As the results of the Politecnico di Milano’s Observatory show, the Internet of Things market keeps growing in Italy. And these objects capable of sharing data are redesigning the world we live in.
In today’s world, digital innovation is an essential factor for development, and the IoT – the Internet of things, meaning objects, from clothes to houses, which are capable of sending and receiving data – plays an increasingly important role in it. At the online event “Internet of Things: Innovation Starts Here” held on the 7th of April, where it presented its 2020 study of the Italian IoT market, Milan Polytechnic’s School of Management confirmed that IoT and intelligent technologies continue to grow in importance in the country.
In 2019, the Italian IoT market was worth €6.2 billion, a rise of 24% over the previous year, the largest single segment of the country’s IoT market being accounted for by Smart Metering and Smart Asset Management in utilities, with a value of €1.7 billion (19% more than 2018 and 27% of the total market). This growth was driven primarily by new regulatory obligations like legislation on gas and electricity meters, the effects of which will continue throughout 2020.
The next largest segment was made up by the country’s 16.7 million Smart cars – vehicles which connect to other vehicles or nearby infrastructure, and which constitute a market share worth €1.2 billion euros, or 19% of the market, a rise of 14% over last year.
The two areas currently showing the most significant growth are Smart Homes and Smart Factories.
Smart Homes and related products and technologies help improve domestic comfort, cut down on energy waste and guarantee security and safety. With a market share of €530 million, the Smart Home sector has grown by 40% from last year, its popularity driven in particular by the boom in intelligent personal assistants, which have stimulated sales of other smart objects, mainly those related to heating and lighting. Despite this, though, Italy remains for the moment one of the European countries slowest to pick up on new Smart Home technology.
Smart Factories, also known as Industrial IoT (I-IoT), are also on the rise, showing growth of 40% over 2019 and accounting for a market share of €350 million. The most common applications for I-IoT are those for factory management, followed by applications for logistics and for Smart Lifecycle projects which aim to facilitate the development of new models and the updating of products. 54% of Italy’s large companies have at least one I-IoT project underway, but the Observatory noted that a significant gap still exists between large companies and SMEs, with the main barriers to companies undertaking I-IoT projects being a lack of skills and poor understanding of the benefits, and that only a minority adequately exploit the incentives provided by the National Industry 4.0 Plan.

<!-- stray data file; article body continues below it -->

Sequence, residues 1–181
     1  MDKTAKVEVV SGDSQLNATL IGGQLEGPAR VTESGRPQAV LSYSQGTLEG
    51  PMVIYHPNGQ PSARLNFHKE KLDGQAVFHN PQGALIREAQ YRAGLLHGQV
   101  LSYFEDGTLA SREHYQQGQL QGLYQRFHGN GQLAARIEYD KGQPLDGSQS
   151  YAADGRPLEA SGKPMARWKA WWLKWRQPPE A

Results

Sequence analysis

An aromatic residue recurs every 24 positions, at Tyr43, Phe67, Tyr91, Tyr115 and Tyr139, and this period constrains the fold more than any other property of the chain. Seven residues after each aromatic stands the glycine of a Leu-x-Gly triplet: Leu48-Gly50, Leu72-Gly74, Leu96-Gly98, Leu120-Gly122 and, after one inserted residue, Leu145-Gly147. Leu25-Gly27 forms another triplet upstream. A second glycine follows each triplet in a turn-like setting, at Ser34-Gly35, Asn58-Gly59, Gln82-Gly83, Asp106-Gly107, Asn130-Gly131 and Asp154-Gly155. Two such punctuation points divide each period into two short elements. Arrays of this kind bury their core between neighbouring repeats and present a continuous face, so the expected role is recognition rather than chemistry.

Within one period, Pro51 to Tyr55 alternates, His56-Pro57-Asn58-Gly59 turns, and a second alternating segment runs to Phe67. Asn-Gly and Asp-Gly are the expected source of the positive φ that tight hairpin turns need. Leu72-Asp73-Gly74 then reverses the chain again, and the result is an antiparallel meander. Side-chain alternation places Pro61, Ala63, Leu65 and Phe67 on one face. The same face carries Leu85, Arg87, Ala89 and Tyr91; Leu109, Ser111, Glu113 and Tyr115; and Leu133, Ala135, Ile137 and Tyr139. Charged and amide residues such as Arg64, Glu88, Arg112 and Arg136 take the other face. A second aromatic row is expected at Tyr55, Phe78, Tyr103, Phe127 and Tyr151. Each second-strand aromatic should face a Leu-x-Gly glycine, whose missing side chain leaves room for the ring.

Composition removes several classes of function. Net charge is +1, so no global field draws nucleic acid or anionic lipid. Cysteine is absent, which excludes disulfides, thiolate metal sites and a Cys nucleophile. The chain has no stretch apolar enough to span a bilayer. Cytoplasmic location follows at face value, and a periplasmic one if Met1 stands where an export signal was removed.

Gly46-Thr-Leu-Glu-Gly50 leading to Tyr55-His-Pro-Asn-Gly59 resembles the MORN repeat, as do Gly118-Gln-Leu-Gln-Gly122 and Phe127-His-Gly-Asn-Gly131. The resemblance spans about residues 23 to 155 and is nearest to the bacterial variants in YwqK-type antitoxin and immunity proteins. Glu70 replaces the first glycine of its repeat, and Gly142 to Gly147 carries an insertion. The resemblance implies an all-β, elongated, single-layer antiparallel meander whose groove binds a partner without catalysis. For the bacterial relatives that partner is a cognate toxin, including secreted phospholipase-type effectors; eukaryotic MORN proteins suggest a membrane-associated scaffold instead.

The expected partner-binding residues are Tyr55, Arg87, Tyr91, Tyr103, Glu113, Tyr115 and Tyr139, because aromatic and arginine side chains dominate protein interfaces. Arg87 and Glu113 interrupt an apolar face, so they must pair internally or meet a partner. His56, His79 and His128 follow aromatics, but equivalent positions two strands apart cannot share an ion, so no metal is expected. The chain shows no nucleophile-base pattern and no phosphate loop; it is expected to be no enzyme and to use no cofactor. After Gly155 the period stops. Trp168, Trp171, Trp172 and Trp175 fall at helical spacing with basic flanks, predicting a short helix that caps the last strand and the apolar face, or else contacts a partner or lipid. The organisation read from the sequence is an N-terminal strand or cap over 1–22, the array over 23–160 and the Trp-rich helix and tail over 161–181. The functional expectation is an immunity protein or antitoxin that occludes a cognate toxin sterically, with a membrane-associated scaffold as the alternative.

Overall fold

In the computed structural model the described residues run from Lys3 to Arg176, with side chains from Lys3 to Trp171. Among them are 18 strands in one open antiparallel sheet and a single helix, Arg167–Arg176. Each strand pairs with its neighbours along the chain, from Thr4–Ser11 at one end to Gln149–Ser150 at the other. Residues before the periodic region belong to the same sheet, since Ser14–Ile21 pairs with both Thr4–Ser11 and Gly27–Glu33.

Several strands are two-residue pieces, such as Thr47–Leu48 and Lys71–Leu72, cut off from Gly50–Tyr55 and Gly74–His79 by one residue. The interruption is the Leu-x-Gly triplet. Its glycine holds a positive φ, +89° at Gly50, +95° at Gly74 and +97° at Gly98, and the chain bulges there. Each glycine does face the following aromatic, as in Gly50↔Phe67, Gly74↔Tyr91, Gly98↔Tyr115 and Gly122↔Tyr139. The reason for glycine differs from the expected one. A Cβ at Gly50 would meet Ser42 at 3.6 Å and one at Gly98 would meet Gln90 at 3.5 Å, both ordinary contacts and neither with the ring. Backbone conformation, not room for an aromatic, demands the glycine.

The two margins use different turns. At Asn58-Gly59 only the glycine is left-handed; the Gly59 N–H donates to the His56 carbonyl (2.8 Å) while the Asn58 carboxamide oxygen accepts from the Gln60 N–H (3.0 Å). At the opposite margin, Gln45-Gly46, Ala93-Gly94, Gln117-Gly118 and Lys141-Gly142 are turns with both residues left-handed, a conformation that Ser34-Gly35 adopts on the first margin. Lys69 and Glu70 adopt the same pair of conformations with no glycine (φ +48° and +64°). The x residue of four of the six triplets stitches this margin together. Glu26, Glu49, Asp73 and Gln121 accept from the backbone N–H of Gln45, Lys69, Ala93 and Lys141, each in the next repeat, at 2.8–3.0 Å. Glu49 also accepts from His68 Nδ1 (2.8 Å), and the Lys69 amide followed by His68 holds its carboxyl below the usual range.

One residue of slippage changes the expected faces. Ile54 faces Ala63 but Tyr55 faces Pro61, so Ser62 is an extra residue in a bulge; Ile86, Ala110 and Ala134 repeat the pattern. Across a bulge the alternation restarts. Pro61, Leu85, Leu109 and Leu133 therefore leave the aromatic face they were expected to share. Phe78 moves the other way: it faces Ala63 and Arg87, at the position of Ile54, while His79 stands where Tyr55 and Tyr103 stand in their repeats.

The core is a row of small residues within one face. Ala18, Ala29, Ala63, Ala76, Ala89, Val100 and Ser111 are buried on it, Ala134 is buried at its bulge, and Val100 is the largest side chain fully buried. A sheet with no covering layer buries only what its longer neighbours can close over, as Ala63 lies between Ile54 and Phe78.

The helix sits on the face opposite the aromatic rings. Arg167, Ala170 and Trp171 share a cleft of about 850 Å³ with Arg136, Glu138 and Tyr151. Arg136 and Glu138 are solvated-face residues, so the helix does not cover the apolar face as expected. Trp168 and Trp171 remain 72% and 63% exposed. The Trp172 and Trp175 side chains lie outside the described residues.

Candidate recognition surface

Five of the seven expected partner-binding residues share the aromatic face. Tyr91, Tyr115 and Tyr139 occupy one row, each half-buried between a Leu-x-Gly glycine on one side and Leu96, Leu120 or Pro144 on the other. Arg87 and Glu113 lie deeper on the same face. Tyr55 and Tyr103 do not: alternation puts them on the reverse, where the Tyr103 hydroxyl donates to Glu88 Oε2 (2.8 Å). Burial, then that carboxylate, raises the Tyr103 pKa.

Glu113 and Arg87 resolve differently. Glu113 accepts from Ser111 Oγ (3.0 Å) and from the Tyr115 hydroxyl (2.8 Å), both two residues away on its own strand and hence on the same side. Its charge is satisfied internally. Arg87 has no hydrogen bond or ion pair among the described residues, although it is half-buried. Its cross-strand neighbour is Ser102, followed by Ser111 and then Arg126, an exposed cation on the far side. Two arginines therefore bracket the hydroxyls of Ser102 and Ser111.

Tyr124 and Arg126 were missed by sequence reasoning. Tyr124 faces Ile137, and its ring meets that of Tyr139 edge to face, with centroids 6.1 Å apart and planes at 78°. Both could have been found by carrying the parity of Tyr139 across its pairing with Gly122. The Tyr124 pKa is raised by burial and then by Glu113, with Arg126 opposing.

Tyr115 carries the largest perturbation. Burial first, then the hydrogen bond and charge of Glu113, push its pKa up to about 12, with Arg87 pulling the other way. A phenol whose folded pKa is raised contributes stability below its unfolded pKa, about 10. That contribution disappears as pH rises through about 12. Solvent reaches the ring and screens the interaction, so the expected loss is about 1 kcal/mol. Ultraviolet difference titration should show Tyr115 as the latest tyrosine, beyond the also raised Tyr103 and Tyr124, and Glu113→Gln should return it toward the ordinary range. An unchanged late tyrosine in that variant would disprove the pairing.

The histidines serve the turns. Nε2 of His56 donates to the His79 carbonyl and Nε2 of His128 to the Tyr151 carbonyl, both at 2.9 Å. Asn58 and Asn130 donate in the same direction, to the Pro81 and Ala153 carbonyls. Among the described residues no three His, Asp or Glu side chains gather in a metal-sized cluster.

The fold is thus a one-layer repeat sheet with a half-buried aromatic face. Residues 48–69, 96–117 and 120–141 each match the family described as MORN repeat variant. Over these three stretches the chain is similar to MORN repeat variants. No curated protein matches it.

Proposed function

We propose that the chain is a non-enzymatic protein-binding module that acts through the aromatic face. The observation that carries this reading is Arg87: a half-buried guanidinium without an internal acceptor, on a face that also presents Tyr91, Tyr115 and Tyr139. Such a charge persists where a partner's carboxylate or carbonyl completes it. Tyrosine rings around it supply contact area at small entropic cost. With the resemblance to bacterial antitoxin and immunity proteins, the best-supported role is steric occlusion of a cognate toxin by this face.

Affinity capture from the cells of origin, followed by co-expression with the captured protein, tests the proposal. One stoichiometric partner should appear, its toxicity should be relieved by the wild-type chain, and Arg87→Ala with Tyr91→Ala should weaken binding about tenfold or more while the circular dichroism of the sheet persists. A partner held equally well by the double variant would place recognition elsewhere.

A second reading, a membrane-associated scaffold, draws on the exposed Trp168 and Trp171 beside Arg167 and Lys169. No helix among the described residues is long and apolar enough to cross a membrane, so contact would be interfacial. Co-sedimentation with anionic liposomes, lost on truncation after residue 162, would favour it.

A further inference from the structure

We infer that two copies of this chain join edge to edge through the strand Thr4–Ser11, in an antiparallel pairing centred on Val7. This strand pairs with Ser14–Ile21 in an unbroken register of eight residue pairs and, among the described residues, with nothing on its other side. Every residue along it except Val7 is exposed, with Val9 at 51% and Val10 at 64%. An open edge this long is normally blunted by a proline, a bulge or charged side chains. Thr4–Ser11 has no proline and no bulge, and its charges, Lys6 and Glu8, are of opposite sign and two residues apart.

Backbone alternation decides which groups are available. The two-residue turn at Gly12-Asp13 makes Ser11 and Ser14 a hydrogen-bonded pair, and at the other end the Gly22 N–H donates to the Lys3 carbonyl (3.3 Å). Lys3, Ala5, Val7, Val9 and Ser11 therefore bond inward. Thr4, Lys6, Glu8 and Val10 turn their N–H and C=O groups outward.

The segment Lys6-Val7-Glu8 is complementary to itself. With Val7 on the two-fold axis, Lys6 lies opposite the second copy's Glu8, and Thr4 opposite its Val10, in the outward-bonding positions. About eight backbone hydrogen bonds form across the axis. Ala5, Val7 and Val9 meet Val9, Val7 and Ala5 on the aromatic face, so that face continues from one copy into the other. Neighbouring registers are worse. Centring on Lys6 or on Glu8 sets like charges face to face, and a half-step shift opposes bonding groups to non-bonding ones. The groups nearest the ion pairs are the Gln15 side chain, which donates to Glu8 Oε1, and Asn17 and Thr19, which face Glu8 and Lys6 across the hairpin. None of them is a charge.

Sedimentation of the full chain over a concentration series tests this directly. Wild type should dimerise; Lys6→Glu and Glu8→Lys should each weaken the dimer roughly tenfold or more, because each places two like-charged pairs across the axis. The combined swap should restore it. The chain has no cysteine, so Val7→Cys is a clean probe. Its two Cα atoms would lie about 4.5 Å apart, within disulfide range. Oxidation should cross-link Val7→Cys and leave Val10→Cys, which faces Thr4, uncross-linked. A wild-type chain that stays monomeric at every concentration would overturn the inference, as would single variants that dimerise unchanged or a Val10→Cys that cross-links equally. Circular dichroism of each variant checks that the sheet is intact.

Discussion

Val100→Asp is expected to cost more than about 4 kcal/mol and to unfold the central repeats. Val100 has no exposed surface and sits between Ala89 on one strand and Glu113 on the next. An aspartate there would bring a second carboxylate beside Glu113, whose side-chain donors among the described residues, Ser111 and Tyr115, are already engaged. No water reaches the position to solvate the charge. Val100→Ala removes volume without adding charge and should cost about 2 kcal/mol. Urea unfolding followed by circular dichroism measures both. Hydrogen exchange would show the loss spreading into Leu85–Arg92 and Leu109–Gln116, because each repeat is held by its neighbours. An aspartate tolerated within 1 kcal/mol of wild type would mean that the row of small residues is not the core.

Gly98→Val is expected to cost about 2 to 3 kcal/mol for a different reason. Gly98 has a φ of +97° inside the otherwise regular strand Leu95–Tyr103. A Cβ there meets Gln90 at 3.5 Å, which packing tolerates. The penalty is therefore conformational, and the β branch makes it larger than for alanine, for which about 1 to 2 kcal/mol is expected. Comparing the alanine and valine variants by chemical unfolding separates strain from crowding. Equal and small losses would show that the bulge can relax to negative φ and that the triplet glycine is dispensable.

42% of Italian municipalities have implemented Smart City initiatives over the past three years, many of which still in the testing phase, but 39% of initiatives have extended their spread to the entire urban area and are ready to be put into action. The principal objectives of these Smart City initiatives are the improvement of existing services for citizens, the introduction of new services, and environmental sustainability. Despite the number of joint public and private initiatives, however, there is still no integrated Smart City ecosystem and, as with I-Iot, the main obstacles to Smart City projects are funding and a lack of skills.
Two more sectors showing promising growth are Smart Retail, which uses IoT technologies to collect user behaviour data in stores, and Smart Health, where IoT can, for example, improve the traceability of medicines and medical equipment in hospitals and monitor vital signs remotely.
“More and more companies are able to collect large amounts of data from connected objects, thanks to which they can enrich their offer with valuable new services,” commented Angela Tumino, Director of the IoT Observatory. “Services now make up 37% of the market offering up opportunities which require a radical change of pace by all the players in the supply chain.”